Please excuse the article title. Those who know me well know I love a song. But in all seriousness, we are forever focused on how difficult things are for the sector. Budgets, grants, section 114 notices, the turmoil in places like Woking, getting ICSs right, devolution, the apparent disconnect between national and local government and many other things.
The recent Stronger Things event with New Local focused on how local authorities can co-create solutions for and with local communities. Yes, the money is running out but if we could start again, would we build the sector in this way? It’s easy to get hung up on challenges with succession planning, talent and leadership development and even executive recruitment. I hold my hands up. I’m guilty of it myself.
But maybe it’s time to think a little differently? Next week, this esteemed publication welcomes the great and the good from across the country to The MJ Awards to celebrate all that is wonderful about local government. There is a great deal to be proud of. It is a chance to celebrate. But we need to do so inclusively.
We need to celebrate not just the finalists and winners. Worthy they absolutely are, and this is to take nothing away from their immense achievements, but we must remember they are the ones that have put their hands up to be judged in this harsh spotlight. Behind them sit innumerable heroes – many unsung and uncelebrated – a great number of whom remain in the shadows. Now is a great opportunity to thank you all inclusively for everything you do for our sector, and I’m sure next week’s awards will do just that.
Across many award categories we will come together to celebrate initiatives among others in adults, children’s services, transport, housing – you name it there’s an award for it.
It is one thing to know you’ve done a good job, to feel satisfied or content, whether that’s about your role or your place of work. It’s even better if you know what you’ve done has had a positive impact on your communities. But to feel pride? For me that comes from within. From your soul.
Pride isn’t learned or taught. Artificial intelligence cannot realistically mimic pride.(surely not? Not yet anyway...). It is a most human of traits, and I believe that if you are genuinely proud of what you do, chances are you’ll be doing your best.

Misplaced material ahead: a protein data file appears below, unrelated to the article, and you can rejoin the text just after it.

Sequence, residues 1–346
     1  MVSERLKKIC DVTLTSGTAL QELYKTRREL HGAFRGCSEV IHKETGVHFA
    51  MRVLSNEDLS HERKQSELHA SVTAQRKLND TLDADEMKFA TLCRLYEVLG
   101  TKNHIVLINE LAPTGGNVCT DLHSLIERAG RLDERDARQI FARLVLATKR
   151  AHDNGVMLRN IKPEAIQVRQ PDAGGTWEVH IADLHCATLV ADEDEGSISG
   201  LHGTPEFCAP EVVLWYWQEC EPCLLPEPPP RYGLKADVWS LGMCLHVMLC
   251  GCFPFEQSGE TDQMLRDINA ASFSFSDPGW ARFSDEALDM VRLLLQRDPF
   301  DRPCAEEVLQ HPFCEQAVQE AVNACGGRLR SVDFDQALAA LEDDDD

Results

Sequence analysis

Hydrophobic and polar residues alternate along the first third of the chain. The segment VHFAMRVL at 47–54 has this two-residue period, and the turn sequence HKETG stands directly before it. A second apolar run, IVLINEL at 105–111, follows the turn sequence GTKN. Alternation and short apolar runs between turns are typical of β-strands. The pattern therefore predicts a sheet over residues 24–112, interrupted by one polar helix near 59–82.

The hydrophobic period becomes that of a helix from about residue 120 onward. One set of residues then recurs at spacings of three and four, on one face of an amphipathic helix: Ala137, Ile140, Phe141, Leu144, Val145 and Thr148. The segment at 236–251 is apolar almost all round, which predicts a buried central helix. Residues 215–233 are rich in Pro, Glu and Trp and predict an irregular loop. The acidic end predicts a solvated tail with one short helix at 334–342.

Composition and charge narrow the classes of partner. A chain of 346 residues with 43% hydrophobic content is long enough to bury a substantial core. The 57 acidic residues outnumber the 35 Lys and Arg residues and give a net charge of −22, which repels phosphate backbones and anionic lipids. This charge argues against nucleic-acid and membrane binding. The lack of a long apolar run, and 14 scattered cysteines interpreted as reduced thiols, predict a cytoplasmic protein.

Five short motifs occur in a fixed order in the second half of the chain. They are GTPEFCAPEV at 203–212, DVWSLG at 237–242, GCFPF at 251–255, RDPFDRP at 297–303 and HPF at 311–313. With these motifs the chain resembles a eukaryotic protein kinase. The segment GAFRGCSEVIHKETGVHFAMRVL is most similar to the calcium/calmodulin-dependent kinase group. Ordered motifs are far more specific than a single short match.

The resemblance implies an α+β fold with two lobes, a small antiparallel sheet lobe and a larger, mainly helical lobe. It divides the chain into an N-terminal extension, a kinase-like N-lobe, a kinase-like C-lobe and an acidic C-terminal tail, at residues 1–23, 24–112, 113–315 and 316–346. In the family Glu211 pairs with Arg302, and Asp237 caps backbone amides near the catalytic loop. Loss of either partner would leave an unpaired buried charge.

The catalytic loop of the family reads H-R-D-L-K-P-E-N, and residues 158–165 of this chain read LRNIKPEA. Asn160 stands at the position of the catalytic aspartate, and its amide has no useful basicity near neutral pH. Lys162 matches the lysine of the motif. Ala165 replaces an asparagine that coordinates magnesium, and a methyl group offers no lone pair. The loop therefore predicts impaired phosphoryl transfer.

Whether you are an officer, politician or supplier, local government is a family. In tough times we batten down the hatches, come together and support one another to carry on doing our best, even if things look bleak. And that is why I think now is as good a time as any to pause, reflect and celebrate what we are all doing. Rather than getting lost in the fog of challenges, let’s instead celebrate and be proud of all that is great about this marvellous sector.
I can only speculate as to the link between pride and wellbeing. I’m no psychologist so I won’t delve into feeling good about either or both of those things at the same time. To be proud is to revel in one’s own achievements or those of others, and wellbeing requires us to be able to look deep within ourselves, particularly when it comes to aspects such as self-esteem.
Self-esteem and pride are like two sides of the same coin. Pride relating to achievements and self-esteem relating to how worthwhile we feel ourselves to be. It is my hope that when we all celebrate the many achievements of the sector next week, it will be with a deep feeling of pride, which I can only hope does not come at the expense of wellbeing.
I am acutely aware it hasn’t been easy. I’ve worked with local authorities for 26 years and like many of you I’ve probably seen it all in that time. The book can wait though.
For the last 11 years I’ve had the absolute privilege of chairing the judging panel for The MJ Local Authority of the Year award. How different the world of local government looked in 2013 when I embarked on this journey, yet many of the challenges we face in the sector remain the same now – it’s just they had different names back then. Fast forward to 2023 and we are still talking about the potential of things like hyper-local decision making but we’re far more aware now of the positive impact local authorities can have on issues such as climate change and digitisation.
I’m not sure many recruiters get to leave much of a legacy, but I do feel very proud of being able to play my very small part in promoting just a tiny fraction of the amazing work our local authorities are doing through the award.
I take joy in knowing that our finalists and winners have been boosted by their participation and I have so often been told that their workforces have definitely benefitted too.
It’s important to me that credit is given where it’s due. With all of these awards, there is a whole host of people behind the scenes doing brilliant things long before they are represented by the winners who stand on the stage at the Park Plaza (or the Park Lane Hilton in years gone by).
The same goes for the judges. Since 2013 more than 60 judges have given up huge amounts of time to judge the Local Authority of the Year award with me. It’s something we take incredibly seriously, precisely because it is so important not just to the winners, but to the finalists and the sector as a whole.
Say what you like about the merits of awards, but if they boost the pride, self-esteem or wellbeing of a single person along the way, then it’s all worth it.
Neil Lupin is managing partner at Green Park Interim & Executive Search
Tel: 07967 826026